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viewpoint

Always better when we’re together

| Monday, September 24, 2018

Republican vs. Democrat

Poor vs. Rich

American vs. Immigrant

Gay vs. Straight

Black vs. White

Colin Kaepernick vs. #BoycottNike

The Carolinas vs. Hurricane Florence

It’s becoming almost a cliche to state that our country and our world are becoming more and more fractured these days. Everything from politics to religious and social issues to pop culture and even natural disasters seems bent on ensuring that we’re separating ourselves (or being violently separated … looking at you, Florence) into smaller, more isolated groups. We can readily ensure that we encounter only environments where we already feel comfortable, where we are the “us” and everyone else is the “them.” At other times, through no individual fault of our own, circumstances — or terrible storms — can force apart communities, neighborhoods and even families, through displacement, destruction and death.

But, to take Jack Johnson a little out of context, “Well, it’s always better when we’re together.” Though we may not believe we can change the national atmosphere, what about our local environment, right here, right now? Is it time to look more thoughtfully around your section, hall, club or classroom and ask if everyone feels truly comfortable? To include someone more intentionally, not out of pity but genuine welcome? Could this be the week or the day we listen more attentively and assume good will when someone whose views
differ from ours speaks up in class or at dinner? Maybe it’s time to read from a news site or religious blog you’d normally never click on, and ask what you might learn from it? These are all tough questions.

Actually, the questions themselves are fairly easy. Acting upon them is the tough part. If you listen to Sunday’s Gospel passage this coming weekend, you’ll hear that these questions are nothing new. Jesus’ apostles feared the contributions of a stranger who, they worried, might eclipse their own special status as the unique “us” around Jesus. In no uncertain terms He told them to stop. Or (spoiler alert) pluck out their own eyeballs. Maybe we are like the apostles — we already have a position of authority. We’re already recognized as someone with gifts to offer. Can we encourage with true humility, and accept more graciously the gifts of others, even when they show up from unexpected sources? Can we pray for the grace to be open to those unexpected gifts, especially when they challenge our comfortable security within the status quo?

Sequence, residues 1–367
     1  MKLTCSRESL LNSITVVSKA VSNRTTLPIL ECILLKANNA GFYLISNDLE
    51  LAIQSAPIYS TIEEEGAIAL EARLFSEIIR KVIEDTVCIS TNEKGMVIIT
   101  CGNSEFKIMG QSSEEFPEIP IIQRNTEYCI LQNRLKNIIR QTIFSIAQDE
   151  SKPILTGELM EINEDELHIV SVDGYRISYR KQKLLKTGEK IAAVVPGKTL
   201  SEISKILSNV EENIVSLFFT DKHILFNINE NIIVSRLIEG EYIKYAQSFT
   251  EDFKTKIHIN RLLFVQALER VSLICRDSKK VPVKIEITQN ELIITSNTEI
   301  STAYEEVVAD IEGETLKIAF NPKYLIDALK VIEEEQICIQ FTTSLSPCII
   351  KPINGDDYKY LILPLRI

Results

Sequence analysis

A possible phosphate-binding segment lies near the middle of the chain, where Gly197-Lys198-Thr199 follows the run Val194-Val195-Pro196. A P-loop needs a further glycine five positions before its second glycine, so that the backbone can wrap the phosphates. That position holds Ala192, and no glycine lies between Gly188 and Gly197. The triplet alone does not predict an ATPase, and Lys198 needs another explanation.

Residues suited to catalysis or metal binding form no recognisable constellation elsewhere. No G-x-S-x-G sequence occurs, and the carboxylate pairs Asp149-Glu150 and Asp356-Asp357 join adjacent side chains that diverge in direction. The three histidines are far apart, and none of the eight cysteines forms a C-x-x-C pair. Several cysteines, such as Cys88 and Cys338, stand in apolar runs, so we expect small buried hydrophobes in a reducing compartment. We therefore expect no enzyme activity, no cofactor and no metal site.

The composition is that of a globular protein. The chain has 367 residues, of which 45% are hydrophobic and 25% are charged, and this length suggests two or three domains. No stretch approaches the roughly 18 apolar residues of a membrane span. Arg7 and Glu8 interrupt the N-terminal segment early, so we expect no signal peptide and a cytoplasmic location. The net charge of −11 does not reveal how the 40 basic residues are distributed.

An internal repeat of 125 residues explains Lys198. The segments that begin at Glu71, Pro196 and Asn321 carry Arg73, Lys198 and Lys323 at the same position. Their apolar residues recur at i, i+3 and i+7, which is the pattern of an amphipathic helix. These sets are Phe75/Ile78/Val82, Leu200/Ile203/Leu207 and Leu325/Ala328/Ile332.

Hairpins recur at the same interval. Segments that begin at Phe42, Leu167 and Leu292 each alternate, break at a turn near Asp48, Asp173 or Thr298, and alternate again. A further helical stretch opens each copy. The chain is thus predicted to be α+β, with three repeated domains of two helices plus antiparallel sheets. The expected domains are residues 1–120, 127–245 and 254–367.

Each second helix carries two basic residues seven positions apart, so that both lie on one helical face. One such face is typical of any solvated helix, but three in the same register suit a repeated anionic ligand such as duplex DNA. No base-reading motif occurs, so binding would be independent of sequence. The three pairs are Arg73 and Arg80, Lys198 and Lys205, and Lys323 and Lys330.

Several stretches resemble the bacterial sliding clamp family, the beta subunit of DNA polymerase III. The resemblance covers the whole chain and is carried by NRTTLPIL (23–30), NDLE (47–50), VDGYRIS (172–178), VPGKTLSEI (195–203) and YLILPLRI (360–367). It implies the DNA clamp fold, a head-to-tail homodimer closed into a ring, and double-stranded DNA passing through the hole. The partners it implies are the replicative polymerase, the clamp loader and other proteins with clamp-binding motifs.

Maybe we’re like the stranger in Mark’s Gospel, just beginning to realize what we have to offer to others in the name of Jesus. Can we muster up the courage to do something new, to push ourselves out into uncharted waters and figure out just how much we can contribute to the Body of Christ?

We are all the Body of Christ. We are meant to live and pray and die united with others. For Catholics, it’s why it is so important that we share the feast of the Eucharistic sacrifice in community. To truly “become what we receive,” the Body of Christ, we challenge ourselves to worship together with others even when it means that we step out: whether we step out of our halls to pray in a wider community, out of our friend groups to pray with strangers or out of our home countries to pray in another language or culture. Such intentional gathering to pray with others never deprives us, but only offers us more opportunities to receive the boundless grace of the Sacrament. We receive Christ’s body together, that together we may become Christ’s body.

We’re meant to persevere together. Those same disciples who so frustrated Jesus by their jealousy are the same ones with whom He chose to spend His public ministry; the same ones who shared the first Eucharist on the night before He died; the same ones transformed by Jesus’ resurrection into the earliest Body of Christ, the Church.

If we should need a reminder of the importance of our self-understanding as the Body of Christ, we might recall the beautiful words of St. Teresa of Avila:

Christ has no body now, but yours. No hands, no feet on earth, but yours.
Yours are the eyes through which Christ looks compassion into the world.
Yours are the feet with which Christ walks to do good.
Yours are the hands with which Christ blesses the world.

We can be better, together.

Kate Barrett serves in Campus Ministry as the Associate Director of Liturgy and can be reached at [email protected]

Learn more about Campus Ministry at CampusMinistry.nd.edu

The views expressed in this column are those of the author and not necessarily those of The Observer.

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